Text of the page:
As of Tuesday, my husband will have been eating vegan and gluten-free for a whole month. The reasons why are complicated and health-related and none of your business 😝, so let’s get to the real question: WHAT THE HELL DOES HE EAT?
Lots of chickpeas, really. Also, did you know brown rice pasta tastes basically the same as regular pasta? I’m finally figuring out tofu, so that’s been fun.
Even if this diet doesn’t end up doing the trick for Grant’s allergy problems (which I alluded to here), I’m really enjoying learning new techniques and trying new things. Once it’s consistently warm outside, I can’t wait to check out some vegan grilling options. (Not sure what those will be. Eggplant? Tofu planks? Hit me up if you have ideas!)
Once we decided to give vegan a try, I started reading. Before, when I had served G meatless meals, he had a hard time getting full. I think some of that may be psychological and based on expectations of what a meal should be, but I was legitimately concerned about getting enough protein into his diet.
Well, guess what? Vegan diets are, like, super full of protein. Lentils and quinoa and nuts, oh my.
My initial research was fueled by this cookbook ⬇⬇⬇, which I’ve had for a long time, but hadn’t done a whole lot of cooking out of. Isa has stews, pastas, sandwiches, salads, everything.
I read the whole thing like a novel, earmarked a bunch of the recipes, and I’ve been aiming to make one each week. Our very favorite so far has been lentilroni (another blogger made it here). It’s kind of like canned beefaroni (I always preferred the ravioli). But instead of weirdly textured “ground beef,” there are lentils, and pureed cashews make the sauce creamy and delicious. (I also forgot to soak the cashews the first time I made this, and it didn’t matter at all. I ground them to a powder in my food processor, and they incorporated with the vegetable broth perfectly.)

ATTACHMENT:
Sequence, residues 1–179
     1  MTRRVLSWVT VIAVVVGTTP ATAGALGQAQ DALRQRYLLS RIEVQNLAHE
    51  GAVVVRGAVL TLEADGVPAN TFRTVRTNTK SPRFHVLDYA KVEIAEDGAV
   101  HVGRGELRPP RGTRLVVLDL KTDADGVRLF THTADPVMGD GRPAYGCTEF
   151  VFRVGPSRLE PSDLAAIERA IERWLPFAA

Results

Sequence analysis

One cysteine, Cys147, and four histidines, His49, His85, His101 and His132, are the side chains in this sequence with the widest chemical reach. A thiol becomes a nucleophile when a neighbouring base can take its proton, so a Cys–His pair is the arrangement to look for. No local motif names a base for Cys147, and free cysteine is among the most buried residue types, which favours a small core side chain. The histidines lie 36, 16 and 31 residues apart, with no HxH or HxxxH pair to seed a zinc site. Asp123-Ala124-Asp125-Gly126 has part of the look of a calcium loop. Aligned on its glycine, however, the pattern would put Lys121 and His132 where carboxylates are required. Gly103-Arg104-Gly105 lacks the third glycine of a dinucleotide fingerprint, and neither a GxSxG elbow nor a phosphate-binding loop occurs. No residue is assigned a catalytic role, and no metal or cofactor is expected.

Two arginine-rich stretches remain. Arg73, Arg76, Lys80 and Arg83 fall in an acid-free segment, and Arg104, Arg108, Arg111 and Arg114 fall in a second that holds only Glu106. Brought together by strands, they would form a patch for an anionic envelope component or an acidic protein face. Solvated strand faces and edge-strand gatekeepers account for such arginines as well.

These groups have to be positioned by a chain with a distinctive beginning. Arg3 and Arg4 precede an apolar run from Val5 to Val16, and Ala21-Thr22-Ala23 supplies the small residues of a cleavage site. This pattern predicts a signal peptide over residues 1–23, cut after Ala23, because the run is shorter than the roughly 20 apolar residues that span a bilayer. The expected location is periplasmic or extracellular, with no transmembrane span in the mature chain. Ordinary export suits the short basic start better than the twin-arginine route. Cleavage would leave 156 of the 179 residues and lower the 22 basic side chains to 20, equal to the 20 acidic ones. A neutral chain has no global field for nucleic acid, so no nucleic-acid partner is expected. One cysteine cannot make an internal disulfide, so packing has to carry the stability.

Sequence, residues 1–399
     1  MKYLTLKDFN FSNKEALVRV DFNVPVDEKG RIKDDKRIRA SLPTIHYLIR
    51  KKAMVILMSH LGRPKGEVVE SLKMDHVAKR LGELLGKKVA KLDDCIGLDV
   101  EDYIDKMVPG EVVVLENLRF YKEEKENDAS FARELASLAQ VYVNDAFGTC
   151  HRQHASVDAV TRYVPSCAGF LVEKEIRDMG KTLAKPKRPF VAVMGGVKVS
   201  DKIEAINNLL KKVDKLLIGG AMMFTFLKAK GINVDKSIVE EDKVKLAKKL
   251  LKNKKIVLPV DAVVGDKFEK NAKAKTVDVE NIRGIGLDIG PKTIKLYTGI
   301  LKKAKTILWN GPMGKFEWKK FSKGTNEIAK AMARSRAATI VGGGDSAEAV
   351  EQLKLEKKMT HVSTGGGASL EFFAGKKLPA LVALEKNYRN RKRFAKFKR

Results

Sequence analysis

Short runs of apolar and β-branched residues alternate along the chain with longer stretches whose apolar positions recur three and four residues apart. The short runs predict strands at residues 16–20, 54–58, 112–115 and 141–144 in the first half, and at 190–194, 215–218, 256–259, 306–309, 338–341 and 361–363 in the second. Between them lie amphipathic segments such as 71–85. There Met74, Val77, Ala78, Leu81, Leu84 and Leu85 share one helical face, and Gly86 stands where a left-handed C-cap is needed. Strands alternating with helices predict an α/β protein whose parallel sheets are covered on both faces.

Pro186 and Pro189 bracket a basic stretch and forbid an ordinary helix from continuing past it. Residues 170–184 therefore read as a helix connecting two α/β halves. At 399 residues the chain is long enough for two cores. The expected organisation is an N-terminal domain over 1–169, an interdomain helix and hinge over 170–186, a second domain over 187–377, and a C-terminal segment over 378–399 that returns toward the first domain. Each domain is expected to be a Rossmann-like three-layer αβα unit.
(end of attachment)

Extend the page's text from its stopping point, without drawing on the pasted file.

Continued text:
Minimalist Baker is another plant-based inspiration. Her roasted garlic mac and cheese is incredible.
One cannot live on peanut butter sandwiches on super-expensive gluten-free bread alone, so here’s a by-protein breakdown of what we’ve been eating (and really enjoying (mostly)).
PINTO OR BLACK BEANS
I made a big batch of pintos in my slow cooker, stuck most of them in the freezer, and now they’re ready to pull out for burrito bowls or taco salads at any time. Beans and rice is also an easy, simple meal, especially so with avocado and hot sauce.
Whenever I’m at an Asian restaurant, I almost always order tofu as my protein. The crispy on the outside, fluffy on the inside texture is so delicious, and I know that texture is accomplished with lots of oil.
A good runner-up tofu prep – and one that’s healthier and easier to make at home – is baked in a hot, hot oven. I press extra-firm tofu for at least 90 minutes to get excess water out, cube it, toss it in cornstarch, soy sauce, and olive oil, and bake it for 25 minutes at 425, tossing the tofu halfway through.
This method is easy, quick, and the resulting crispy tofu soaks up any sauce you drizzle on it. I’m partial to a homemade teriyaki or a citrus vinaigrette.
I’ve taken to making a batch of green lentils over the weekend to have on hand when we need a protein. I’ll stir them into salads or serve them with leftover grains and roasted vegetables.
Hummus is a regular in our house, vegan diet or no, but I’ve learned some new ideas. Hummus pasta is my new Friday night too-tired-to-read-a-recipe meal. Boil pasta in well-salted water. Saute onions, garlic, and big handfuls of fresh spinach. Reserve a mugful of the pasta water and drain. Add half a container of hummus to the saute pan. Heat until creamy, adding splashes of pasta water as needed. Add drained pasta and stir. It will be so creamy, and it really scratches that mac and cheese itch. I add lots of red pepper flakes to serve.
We’ve also been eating chickpea scrambles a lot. Saute onions, garlic, and whatever veggies you’d like, add drained chickpeas. Smash them up a little and let them sizzle for 5 or so minutes, adding paprika, salt, and pepper to taste. Serve with salsa and roasted potatoes on the side.
What’s true regardless of which vegan protein you pick: there is little flavor in these plant-based options on their own. They all can take a lot of salt and a lot of hot sauce. They’ll also meld super well with whatever sauce you choose. On my list for this week is tofu cubes in BBQ sauce with corn, sweet potatoes, and broccoli. Maybe some fresh pineapple for a “Hawaiian” vibe?
I don’t think we’ll be eating vegan forever. G really likes and misses chicken, and you all know how I feel about a whole roasted bird. But I think we will stick to the routine of more meatless meals. It’s heart-healthy and planet-healthy, and a bag of lentils is a hell of a lot cheaper than a package of chicken.
What are your favorite plant-based meals?